Due to the Coronavirus pandemic there is a heightened awareness of how clean an establishment is. People need to feel a business is doing everything they can to keep them safe from contracting COVID-19. From sanitizing shopping carts and cleaning all shelves and cash register areas, businesses have implemented many cleaning policies during the pandemic to reassure customers. As businesses reopen, they want to make sure their employees and customers are safe. This will present an opportunity for businesses who supply cleaning services and sanitizing products. It may also present an opportunity for an innovative company who can create new ways to sanitize all surfaces that customers come in contact with.
7) Instilling customer trust
In order to build customer trust businesses must make transparency a top priority. Customers need to feel the business is honest and put them first over profitability. In the eyes of public opinion, how a business acts may directly impact their revenue, making it more important than ever for businesses to monitor what consumers think of their actions. When the public learned of larger businesses taking advantage of the Paycheck Protection Program loan, they were criticized for taking the money intended for small businesses. Public criticism prompted many businesses to return the money to undo any long-term damage that outweighed the benefits of keeping it.
8) Smaller entertainment venues
Some business analysts believe even when people are no longer under self-quarantine and social distancing guidelines lessen, people will still be wary of going into places with large crowds. Sports bars crowded with people, standing shoulder to shoulder, cheering and yelling for their favorite team may not draw as many people.
Reduced attendance will require businesses to be creative and adapt to maintain revenue. During the Coronavirus pandemic, online concerts of popular performers received millions of views and movie premiers moved from the theater to on-demand viewing.
Businesses will be able to manage the physical distance by removing tables and chairs to allow for proper social distancing and on-line shows can continue. However, consumers will want to be active participants during the event or want their in-home experience to mimic the live experience. For example, in-home lighting that dims when the on-demand movie starts paired with surround sound equipment will create a movie theater experience in their own home. Businesses that can create those experiences may be in high demand in the new post pandemic world.
9) Increased attention to health and wellness
There is no doubt that the coronavirus hit people with underlying medical conditions harder than people considered in good health. Public service announcements encourage people to pay attention to their overall health, exercise, stay hydrated and take care of themselves. In addition, people want to avoid going to the doctor or hospital in order to avoid possible exposure to COVID-19. Many physicians adapted by offering video conferencing, a service expected to continue post-pandemic.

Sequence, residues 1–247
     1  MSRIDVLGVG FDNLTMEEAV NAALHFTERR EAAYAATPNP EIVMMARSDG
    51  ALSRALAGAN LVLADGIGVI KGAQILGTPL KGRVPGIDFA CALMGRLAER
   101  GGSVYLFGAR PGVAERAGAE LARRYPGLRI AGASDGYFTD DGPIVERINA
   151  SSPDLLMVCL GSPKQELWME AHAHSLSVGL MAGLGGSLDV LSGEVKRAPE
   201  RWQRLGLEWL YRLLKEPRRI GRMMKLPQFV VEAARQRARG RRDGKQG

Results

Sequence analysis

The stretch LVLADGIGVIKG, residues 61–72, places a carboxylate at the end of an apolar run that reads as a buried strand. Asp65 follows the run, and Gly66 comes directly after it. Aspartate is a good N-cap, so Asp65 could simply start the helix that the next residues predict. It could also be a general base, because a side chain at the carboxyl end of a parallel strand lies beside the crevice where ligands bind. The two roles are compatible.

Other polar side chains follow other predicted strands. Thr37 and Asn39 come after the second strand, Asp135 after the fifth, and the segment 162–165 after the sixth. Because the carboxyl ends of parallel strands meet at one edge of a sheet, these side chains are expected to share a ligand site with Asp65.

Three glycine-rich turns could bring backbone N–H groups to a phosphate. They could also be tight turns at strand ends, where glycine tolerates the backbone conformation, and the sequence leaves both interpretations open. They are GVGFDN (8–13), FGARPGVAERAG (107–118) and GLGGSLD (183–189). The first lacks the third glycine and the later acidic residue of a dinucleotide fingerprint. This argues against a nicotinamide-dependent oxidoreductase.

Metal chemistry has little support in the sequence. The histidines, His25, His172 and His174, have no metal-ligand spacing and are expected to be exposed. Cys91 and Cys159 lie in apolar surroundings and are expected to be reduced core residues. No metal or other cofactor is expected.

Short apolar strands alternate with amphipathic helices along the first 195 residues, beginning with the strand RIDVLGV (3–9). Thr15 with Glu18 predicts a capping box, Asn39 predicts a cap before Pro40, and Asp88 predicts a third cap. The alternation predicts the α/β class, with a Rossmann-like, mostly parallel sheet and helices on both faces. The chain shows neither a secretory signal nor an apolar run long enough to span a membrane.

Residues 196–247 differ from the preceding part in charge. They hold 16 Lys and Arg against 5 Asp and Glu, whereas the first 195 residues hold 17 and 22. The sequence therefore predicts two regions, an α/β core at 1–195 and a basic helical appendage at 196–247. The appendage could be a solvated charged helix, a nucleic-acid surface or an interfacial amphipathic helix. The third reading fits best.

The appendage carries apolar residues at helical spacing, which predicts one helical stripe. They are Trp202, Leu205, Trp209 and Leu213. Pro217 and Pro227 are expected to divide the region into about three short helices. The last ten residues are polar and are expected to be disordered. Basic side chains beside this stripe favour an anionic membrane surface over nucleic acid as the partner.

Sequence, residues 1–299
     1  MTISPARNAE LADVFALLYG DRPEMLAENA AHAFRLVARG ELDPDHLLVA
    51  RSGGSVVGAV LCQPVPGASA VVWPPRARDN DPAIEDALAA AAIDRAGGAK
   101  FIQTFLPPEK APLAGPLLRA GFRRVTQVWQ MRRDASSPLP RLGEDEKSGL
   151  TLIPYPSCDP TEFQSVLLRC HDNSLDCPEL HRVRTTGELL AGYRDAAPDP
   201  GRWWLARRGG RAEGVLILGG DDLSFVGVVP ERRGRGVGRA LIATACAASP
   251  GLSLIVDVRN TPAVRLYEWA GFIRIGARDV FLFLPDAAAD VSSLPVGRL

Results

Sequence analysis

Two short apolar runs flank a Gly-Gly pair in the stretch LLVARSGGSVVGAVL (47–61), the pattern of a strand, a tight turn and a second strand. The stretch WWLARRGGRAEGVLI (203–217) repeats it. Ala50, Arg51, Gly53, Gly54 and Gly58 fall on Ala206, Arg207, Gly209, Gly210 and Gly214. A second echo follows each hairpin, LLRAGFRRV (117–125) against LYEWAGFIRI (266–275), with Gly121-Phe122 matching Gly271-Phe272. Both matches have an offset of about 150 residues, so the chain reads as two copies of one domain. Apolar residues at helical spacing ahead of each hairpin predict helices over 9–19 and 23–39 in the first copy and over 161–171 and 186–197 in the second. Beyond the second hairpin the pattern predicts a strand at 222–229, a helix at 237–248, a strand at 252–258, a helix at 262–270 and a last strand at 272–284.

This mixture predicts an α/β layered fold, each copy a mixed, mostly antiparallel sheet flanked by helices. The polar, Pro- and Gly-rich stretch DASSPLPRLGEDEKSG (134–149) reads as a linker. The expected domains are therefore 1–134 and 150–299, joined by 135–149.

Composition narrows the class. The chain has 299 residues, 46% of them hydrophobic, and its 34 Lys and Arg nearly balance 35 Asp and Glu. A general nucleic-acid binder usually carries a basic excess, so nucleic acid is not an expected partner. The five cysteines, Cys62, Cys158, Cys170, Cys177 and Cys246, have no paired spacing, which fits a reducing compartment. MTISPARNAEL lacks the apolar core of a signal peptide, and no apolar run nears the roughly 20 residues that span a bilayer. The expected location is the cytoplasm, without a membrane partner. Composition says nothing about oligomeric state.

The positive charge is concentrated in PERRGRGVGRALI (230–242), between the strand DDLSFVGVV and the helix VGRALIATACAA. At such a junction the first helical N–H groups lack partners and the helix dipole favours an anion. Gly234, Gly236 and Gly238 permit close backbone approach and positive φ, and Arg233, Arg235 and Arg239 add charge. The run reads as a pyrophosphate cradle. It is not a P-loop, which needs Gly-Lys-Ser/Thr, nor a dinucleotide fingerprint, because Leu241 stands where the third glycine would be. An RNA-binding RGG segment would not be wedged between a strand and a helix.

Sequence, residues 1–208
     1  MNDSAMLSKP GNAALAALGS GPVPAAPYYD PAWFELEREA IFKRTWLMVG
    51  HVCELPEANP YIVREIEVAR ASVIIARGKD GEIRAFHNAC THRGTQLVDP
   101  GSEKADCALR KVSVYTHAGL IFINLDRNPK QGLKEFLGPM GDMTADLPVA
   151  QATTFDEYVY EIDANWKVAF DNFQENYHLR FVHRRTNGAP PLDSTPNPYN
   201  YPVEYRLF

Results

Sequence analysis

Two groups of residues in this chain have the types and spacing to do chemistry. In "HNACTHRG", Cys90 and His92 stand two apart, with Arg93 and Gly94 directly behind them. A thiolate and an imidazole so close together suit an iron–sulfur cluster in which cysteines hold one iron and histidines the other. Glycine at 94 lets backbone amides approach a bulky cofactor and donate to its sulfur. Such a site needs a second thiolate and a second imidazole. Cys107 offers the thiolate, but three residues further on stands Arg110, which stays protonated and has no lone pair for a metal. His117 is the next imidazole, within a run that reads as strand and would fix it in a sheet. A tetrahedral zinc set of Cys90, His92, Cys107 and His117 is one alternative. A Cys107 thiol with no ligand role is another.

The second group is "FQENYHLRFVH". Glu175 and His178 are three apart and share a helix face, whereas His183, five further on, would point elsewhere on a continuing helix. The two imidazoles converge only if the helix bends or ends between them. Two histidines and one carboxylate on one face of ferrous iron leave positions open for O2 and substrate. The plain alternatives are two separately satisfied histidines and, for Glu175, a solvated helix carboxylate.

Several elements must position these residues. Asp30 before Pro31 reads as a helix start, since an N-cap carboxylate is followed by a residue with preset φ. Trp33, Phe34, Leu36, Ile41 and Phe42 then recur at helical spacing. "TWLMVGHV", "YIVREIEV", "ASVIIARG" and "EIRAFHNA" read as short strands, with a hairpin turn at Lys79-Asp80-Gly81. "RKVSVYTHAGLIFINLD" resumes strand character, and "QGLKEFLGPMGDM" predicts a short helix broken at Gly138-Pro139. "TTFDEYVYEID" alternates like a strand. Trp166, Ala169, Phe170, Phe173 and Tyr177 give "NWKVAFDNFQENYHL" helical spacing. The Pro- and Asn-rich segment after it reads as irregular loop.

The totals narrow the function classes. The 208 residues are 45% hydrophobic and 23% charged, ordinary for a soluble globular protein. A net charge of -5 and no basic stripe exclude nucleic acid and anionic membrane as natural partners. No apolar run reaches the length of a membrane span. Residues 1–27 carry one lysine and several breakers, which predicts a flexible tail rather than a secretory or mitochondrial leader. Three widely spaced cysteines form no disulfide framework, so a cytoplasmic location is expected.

As healthcare companies adapt and leverage technology to shape the future of medical care, they may look for companies who can provide a way for the patient to send key medical information accurately from their home to their physician in real-time. People will also look for new and innovative ways to track and achieve their fitness goals possibly increasing the need for new technology or online fitness class platforms.
10) Work Life balance
The coronavirus pandemic has altered the way people think about their careers and their personal life. It’s anticipated some people will leave overpopulated cities and move to the suburbs where they have a less stressful life. Many have said they have enjoyed the additional time with family and getting back to basics prompting some to say employees will be looking for a better work life balance.
Post pandemic employees will put a higher emphasis on the quality of life when choosing to stay with a company or apply for a new job. Businesses that do not consider employee needs risk losing highly qualified employees who chose an improved quality life even at the risk of a pay cut.
The need to balance work with home life creates opportunities for products that improve quality of life. If people move to the suburbs there may be an increase need for moving companies and real estate relocation services. In addition, technology companies that allow remote employees to stay connected and communicate may also do well post-pandemic.